The amount that may be deducted
from a total income includes the cost
of carrying on business, actual losses,
Are ycu ashamed
of your hands?
How to make them soft and smooth
The reason your
hands do not look like
you want them to
look is because yon
have neglected them.
Proper care will soon
restore the natural
beauty of their skin.
At night, just be
fore retiring, soak
your hands lor at.
least five minutes
in hot water and
a lather of Wood
Soap. Then rub
for a few minutes with a rough wash
cloth or soft brush and rinse in very cold
This treatment, continued regularly,
softens the rough dead skin and soon
causes it to disappear. In its place will
be a new skin of delicate texture, soft,
smooth and white, formed with the aid
of the stimulating and tonic properties
of Woodbury's Facial Soap. Get s cako
and start tonight.
Woodbury1! Facial Soap co 2Se a cake. No1,
one hei talc at the pries fur tJuir firtt eait
For aalo &y dealers everywhere!
For 4c wo wfll end a Hunpto cake. For XOe, Mntplea ot
Woodbury's Facial Soap, Cream and Powder. Andrew Jer
Su Co., Dept. fttf Spring Gtotc Avenue, Cincinnati. Ohio
depreciation allowances and tax-exempt
or tax-paid money.
"Living expenses cannot be de-
ducated, nor can money spent for per
manent improvements to property.
Forms to Be Ready Soon.
"The form that is to be filled out by
the taxpayer will be drawn up soon by
the Commissioner of Internal Revenue.
The taxpayer will have to give his
gross revenue, and then specify and
claim the deductions to which he feels
entitled. Unless a man's Income tax
is 'paid at the source,' he must hunt
up a tax blank, fill It out and see that
it finds its way to the proper Federal
official in his district before March 1,
"Firms, corporations and the like
having the handling of interest, rents,
salaries or other portions of the In
come of any citizen are compelled to
deduct the tax for the Individual and
pay it to the Government. The indivi
dual then will receive a receipt show
Ing he has paid his tax.
CONUiCT'S MOTHER HELD
PAKEXT CHARGED WITH AXDIXG
Brotlier of Homer Wiggins Who Slew
Self During Fight With Police
and Two Others Arrested.
WILMINGTON DeL, Sept. 29, The
police today arrested Mrs. L. Wig
gins McDermott, mother of Homer
Wiggins, the escaped convict who
killed himself early today after a sen
satlonal pistol battle with the police
at, a lodging house in this city: Wig
gins' brother, Harvey, and two other
men who lived at the McDormott house,
were also taken into custody. All were
charged with aiding and abetting a
robbery and with receiving stolen
The arrests were made after the po
lice recovered $1226 of the ?1S39 stolen
from the car barn office of a local
trolley company September 9. Fart of
the money was found In Wiggins'
clothing after he had committed sui
cide and the remainder was recovered
from a tin can that had been burled In
a chicken coop at the home of the con
vict's mother. The car barn robbery
was shortly after Wiggins escape from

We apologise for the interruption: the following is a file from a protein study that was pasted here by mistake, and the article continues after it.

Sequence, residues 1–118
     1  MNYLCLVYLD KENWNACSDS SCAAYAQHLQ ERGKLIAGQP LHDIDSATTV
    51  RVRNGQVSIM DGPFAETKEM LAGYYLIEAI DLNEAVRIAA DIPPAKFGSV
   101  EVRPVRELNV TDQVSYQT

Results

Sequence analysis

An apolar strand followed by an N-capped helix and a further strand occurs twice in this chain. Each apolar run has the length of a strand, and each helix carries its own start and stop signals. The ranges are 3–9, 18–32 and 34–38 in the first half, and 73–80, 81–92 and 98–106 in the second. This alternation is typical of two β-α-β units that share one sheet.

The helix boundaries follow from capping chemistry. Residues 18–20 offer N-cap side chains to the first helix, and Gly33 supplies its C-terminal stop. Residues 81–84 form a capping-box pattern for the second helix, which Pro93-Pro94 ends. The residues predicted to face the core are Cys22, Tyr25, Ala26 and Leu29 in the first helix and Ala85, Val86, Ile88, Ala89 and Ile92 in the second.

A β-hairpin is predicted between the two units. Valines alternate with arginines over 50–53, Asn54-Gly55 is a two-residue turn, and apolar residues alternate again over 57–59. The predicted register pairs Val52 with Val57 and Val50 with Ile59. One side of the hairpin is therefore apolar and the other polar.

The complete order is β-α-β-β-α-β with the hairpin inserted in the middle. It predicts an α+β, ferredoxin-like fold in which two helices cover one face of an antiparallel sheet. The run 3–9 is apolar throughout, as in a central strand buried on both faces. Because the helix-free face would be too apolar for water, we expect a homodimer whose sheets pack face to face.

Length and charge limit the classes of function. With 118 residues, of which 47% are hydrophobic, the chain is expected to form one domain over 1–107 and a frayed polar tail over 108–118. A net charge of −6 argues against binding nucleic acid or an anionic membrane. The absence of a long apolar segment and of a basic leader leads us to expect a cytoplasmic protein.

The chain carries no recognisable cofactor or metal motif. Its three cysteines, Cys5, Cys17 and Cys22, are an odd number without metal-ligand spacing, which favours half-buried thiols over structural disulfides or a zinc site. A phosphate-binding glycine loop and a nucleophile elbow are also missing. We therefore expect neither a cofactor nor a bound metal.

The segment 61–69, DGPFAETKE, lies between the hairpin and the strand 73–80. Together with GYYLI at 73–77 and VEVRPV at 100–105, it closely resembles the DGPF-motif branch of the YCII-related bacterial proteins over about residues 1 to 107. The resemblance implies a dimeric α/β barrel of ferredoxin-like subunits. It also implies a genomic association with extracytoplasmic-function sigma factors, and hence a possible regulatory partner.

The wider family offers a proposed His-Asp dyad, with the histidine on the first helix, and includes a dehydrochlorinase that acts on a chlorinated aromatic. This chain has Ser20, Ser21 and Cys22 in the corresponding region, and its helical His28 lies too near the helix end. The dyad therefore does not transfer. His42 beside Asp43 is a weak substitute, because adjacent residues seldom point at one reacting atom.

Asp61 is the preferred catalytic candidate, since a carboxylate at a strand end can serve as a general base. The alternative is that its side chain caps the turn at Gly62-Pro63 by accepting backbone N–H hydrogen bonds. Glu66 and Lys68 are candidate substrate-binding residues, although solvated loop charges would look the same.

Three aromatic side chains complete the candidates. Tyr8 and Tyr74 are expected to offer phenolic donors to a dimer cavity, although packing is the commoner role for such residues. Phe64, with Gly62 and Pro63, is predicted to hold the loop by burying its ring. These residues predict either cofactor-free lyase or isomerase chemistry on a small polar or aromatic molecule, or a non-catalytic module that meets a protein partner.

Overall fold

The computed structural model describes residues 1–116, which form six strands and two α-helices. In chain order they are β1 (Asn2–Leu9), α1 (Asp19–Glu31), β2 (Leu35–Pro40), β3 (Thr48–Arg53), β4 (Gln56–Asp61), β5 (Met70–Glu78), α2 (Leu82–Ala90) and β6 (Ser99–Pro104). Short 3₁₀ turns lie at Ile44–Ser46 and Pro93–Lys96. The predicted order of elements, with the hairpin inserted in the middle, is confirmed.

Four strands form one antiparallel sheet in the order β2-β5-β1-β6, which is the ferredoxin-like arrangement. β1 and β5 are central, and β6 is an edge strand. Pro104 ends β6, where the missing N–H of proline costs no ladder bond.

An Unusual Feature in the
. . Magazine
This ideal home is followed through
from foundation to furnishings.
Experts in every phase of house-huild-ing
contribute to the articles.
The plans are practical, thorough, and
embrace every detail of the ideal home,
including the grounds.
The cost of this ideal home is $7000,
which includes everything except the
This is the most comprehensize treat
ment of an interesting subject ever at
tempted in a popular magazine.
Attractively illustrated throughout in
This is one of many features for
WATCH FOR LATER
plain tailored suits
are especially favored by the
well-dressed women of Port
land, on account of their correct
up-to-date lines and satisfaction
giving qualities. Prices $30 to $100-
ICHNESS of material
and appearance characterize
our handsome tailored two
and three-piece suits for dress
wear. Supple panne and chiffon
velvets, matellasses, handsome
skunk and luxurious ermine furs
are combined in fancy designs.
Prices from $50 to $150.
feature soft effects in serges,
crepe de meteors, crepe de
chines and chiffon velvets. Deli
cate hand embroidery, cobweb
laces and chiffons have been called
upon to lend their charm. New
creations in draped sash effects,
Medici collars, and the newer tango
dresses. Prices range from $30 to
R. M. GRAY
Entire Second Floor
BROADWAY AND MORRISON
the state penitentiary in Philadelphia,
where he was serving a long sentence
for having killed a policeman.
The condition of Sewell D. Scott, the
policeman who was shot through the
breast by Wiggins in the battle to
capture him, was more favorable to
day. He may recover.
Jury In Smith Case Again Fails.
SPRINGFIELD, O., Sept. 29. The
second trial of Dr. Arthur B. Smith.
chare-ed with the murder of his first
wife by poisoning, was declared a mis
trial by the court wnen tne jury re
ported today that It was hopelessly
deadlocked. The first trial .also re
sulted in a disagreement.
Great chance for those starting
63 FIFTH ST.
Is It Any Wonder
that the sales of
Dyer's Pork and
Beans are mounting
higher and higher ?
No. "There's a rea
son." This is it.
Dyer gives you over
38 more baked
beans for your
money, so ask for
Pork and Beans
The pure, sparkling
beverage of the ,
Call up and have a case delivered
Main 49 A-1149
GAMBRINUS BREWING CO.